Today’s elders have experienced a significant evolution of medicine – many have lived through devastation due to diseases, including polio, diphtheria and flu outbreak and many have witnessed the development of life-saving drugs.
Thanks to clinical experts, our society has stayed relatively healthy and safe. Take the recent pandemic, it took medical leaders less than a year to develop a vaccine to stave off COVID-19.
What happens behind the scenes of drug development is impressive, and all stages of development are too complex to share in this blog. But I’ll share one..clinical trials. Clinical trials scientifically study the safety and effectiveness of a therapeutic agent (such as a drug or vaccine) using consenting human subjects.
It is important for clinical trials to have participants of different ages, sexes, races, and ethnicities. When research involves a group of people who are similar, the findings may not apply to or benefit everyone. When clinical trials include diverse participants, the study results may have a much wider applicability.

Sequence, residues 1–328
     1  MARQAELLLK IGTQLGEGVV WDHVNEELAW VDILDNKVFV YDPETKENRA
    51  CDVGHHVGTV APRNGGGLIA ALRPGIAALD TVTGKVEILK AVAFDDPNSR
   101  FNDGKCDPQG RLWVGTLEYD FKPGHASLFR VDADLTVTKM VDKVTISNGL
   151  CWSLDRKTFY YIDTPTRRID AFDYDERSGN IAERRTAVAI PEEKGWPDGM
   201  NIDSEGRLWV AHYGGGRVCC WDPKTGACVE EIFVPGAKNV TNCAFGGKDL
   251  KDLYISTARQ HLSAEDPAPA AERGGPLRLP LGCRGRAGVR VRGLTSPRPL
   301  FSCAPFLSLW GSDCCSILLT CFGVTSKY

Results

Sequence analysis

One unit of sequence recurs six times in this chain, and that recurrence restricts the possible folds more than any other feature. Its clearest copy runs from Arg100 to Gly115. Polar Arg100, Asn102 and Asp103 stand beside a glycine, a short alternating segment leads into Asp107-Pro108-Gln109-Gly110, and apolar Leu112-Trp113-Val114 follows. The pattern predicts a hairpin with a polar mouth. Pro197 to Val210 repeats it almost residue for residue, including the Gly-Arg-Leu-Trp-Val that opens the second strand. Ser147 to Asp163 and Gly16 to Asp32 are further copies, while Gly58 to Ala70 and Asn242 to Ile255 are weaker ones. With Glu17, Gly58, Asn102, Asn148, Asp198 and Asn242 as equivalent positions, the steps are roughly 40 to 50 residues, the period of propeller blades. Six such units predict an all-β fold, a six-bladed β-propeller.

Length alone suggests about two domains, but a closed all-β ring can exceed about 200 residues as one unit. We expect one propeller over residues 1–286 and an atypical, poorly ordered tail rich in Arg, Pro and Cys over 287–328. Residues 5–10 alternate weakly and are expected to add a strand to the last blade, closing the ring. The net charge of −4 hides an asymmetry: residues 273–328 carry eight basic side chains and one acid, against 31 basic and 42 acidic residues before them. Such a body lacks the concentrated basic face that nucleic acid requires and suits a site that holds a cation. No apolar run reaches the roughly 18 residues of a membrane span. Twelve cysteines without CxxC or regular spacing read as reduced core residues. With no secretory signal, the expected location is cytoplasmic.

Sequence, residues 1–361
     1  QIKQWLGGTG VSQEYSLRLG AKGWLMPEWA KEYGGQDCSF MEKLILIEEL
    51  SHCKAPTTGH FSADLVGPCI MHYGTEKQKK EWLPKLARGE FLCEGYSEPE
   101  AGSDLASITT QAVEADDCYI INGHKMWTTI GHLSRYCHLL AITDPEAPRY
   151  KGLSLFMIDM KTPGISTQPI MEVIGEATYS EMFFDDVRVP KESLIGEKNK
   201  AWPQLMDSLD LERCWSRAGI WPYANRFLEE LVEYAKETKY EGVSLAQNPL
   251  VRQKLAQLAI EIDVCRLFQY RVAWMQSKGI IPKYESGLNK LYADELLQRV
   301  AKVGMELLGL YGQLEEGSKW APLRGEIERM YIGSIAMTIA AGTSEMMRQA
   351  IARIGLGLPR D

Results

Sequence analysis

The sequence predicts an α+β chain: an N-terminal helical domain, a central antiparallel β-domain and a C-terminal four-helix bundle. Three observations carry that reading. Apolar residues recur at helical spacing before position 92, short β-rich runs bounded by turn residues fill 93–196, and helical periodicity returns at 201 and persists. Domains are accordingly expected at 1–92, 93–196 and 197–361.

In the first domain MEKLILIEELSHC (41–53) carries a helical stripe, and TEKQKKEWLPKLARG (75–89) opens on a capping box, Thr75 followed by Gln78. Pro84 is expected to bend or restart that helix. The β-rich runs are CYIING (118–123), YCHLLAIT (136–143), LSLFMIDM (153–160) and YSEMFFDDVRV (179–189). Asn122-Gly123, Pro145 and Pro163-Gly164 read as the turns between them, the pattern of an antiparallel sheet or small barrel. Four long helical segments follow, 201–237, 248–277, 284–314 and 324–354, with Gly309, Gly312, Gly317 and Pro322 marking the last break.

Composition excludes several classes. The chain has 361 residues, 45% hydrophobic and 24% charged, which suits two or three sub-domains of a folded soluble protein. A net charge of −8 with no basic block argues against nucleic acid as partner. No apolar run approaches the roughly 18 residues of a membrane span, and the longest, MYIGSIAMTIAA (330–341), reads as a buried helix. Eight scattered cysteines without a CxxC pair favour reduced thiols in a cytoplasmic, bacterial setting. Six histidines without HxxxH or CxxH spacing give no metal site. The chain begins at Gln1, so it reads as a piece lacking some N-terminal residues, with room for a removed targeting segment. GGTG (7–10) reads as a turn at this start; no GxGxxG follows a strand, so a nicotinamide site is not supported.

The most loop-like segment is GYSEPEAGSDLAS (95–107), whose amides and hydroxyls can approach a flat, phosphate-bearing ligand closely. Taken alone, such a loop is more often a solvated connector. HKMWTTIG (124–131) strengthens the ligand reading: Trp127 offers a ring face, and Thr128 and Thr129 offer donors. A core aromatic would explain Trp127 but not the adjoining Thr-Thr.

This is where you come in…Researchers need the participation of seniors in their clinical trials so that scientists can learn more about how the new drugs, therapies, medical devices, surgical procedures, or tests will work for older people. Many older people have special health needs that are different from those of younger people. For example, as people age, their bodies may react differently to drugs. Older adults may need different dosages (or amounts) of a drug to have the right result. Also, some drugs may have different side effects in older people than younger people. Having seniors enrolled in drug trials helps researchers get the information they need to develop the right treatment for older people.
Researchers know that it may be hard for some older people to join a clinical trial. For example, if you have many health problems, can you participate in a trial that is looking at only one condition? If you are frail or have a disability, will you be strong enough to participate? If you no longer drive, how can you get to the study site? Talk to your doctor or the coordinator of the clinical trial about your concerns. The research team may have already thought about some of the obstacles for older people and have a plan to make it easier for you to take part in the trial.
For more information on the benefits, risks and safety of clinical trials, visit: https://www.nia.nih.gov/health/clinical-trials-benefits-risks-and-safety